Complex and utterly compelling, China's capital is an intoxicating blend of old and new, a world powerhouse where cutting-edge innovation and ancient tradition are intertwined in the rich fabric of daily life and the dichotomies of modern China are laid bare to spectacular effect.
Any trip to Beijing usually begins with a visit to Tiananmen Square, the vast concrete expanse at the heart of the modern city. This ‘Square of the Gate of Heavenly Peace' is still bordered by 1950s communist-style buildings – the Great Hall of the People and the Museum of the Chinese Revolution – and dominated by a giant portrait of Chairman Mao. It was here Mao hoisted the red flag proclaiming the foundation of the People's Republic and where he still lies in his marble memorial hall.
The Forbidden City at the north end of Tiananmen Square has been the seat of Chinese imperial power since the Ming Emperor Yongle began ruling his dynasty from its heart around 1420. The Imperial Palace (Gugong) is China's most magnificent architectural complex and was built at the symbolic centre of the universe using the strict geomantic principles of yin and yang.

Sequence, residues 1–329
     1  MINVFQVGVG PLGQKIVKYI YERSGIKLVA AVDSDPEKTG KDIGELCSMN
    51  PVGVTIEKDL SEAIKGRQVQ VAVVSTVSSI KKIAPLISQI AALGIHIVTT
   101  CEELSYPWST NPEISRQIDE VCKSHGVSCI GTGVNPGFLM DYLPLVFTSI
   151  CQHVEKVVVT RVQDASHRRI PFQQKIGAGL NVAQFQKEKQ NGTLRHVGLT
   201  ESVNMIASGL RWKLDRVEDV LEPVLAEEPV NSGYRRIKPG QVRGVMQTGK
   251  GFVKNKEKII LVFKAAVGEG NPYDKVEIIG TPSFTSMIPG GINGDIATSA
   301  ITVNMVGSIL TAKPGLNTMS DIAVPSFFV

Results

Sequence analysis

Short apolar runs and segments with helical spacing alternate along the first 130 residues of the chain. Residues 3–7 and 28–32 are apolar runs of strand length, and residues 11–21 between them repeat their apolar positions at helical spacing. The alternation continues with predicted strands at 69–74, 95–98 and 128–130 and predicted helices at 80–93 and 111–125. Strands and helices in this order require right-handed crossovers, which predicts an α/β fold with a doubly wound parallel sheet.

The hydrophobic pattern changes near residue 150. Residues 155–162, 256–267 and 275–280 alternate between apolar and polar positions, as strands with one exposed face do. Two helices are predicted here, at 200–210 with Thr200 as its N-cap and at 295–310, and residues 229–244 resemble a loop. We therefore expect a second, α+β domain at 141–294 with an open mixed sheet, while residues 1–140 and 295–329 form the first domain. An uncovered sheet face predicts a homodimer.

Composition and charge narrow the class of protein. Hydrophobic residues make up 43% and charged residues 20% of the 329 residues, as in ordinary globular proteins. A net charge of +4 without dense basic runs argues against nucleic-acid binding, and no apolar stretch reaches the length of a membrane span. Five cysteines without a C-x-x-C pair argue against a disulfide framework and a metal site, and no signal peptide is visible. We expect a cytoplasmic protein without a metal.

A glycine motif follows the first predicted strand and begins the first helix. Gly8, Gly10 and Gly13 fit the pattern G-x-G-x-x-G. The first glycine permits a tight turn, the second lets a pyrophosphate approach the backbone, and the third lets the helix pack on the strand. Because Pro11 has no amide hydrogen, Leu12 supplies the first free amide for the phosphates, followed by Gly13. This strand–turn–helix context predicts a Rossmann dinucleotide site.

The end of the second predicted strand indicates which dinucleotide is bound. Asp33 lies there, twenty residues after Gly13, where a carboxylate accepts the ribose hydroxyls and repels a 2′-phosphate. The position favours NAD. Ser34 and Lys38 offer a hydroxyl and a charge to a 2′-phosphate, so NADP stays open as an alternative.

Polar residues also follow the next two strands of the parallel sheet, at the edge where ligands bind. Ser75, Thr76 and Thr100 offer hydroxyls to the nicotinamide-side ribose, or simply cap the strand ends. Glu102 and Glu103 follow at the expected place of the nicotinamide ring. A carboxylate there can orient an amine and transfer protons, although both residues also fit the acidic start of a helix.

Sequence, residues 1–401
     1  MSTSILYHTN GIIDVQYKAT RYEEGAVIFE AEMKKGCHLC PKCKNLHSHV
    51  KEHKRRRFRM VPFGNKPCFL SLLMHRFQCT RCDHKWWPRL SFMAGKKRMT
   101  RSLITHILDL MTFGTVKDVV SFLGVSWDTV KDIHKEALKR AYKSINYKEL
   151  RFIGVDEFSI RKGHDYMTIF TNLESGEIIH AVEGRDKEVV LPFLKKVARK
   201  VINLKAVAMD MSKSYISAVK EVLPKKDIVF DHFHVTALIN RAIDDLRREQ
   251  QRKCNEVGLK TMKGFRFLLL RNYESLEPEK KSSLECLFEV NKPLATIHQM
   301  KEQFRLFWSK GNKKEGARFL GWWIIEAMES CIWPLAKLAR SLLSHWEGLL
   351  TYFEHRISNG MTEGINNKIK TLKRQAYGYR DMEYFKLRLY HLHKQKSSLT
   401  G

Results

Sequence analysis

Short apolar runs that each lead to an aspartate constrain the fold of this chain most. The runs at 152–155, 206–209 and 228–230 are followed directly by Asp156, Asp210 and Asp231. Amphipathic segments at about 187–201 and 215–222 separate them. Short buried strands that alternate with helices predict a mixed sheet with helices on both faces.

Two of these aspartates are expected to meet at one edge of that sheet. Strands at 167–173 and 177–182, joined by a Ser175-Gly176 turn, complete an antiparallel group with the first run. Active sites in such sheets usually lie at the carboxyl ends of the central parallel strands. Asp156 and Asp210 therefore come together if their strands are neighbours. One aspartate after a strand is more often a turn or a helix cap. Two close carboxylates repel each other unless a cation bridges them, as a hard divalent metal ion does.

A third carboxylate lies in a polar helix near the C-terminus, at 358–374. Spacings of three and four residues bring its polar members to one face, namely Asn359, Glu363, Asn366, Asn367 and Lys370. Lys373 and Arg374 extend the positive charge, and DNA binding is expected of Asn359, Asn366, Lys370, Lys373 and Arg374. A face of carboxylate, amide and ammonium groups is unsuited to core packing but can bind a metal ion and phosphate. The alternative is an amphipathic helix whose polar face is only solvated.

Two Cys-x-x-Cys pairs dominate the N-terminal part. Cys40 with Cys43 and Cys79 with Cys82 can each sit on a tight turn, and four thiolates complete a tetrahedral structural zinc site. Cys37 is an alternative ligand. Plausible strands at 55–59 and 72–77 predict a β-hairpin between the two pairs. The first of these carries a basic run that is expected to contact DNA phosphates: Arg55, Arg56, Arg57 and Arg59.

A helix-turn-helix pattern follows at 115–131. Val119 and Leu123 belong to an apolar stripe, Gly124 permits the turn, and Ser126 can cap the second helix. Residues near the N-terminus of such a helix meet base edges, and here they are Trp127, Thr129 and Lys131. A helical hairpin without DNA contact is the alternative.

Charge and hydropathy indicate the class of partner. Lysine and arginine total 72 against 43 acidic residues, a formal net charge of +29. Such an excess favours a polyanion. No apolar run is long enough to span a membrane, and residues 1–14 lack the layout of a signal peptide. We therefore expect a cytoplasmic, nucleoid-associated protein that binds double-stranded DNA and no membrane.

The Temple of Heaven
The Temple of Heaven, or Tian Tan, is one of the largest temple complexes in China and has been at the heart of imperial ceremony and symbolism since its construction during the Ming Dynasty. It was here the emperor, or Son of Heaven, would make sacrifices and pray to his ancestors at the Winter Solstice. It is located 2 km south of Tiananmen Square.
The sprawling Summer Palace outside Beijing served as a summer retreat for the Qing Dynasty and is most associated with the Empress Dowager Cixi, who used it as her personal pleasure ground. Highlights include the lakes and bridges, Marble Boat, Bronze Pavilion, and Longevity Hill.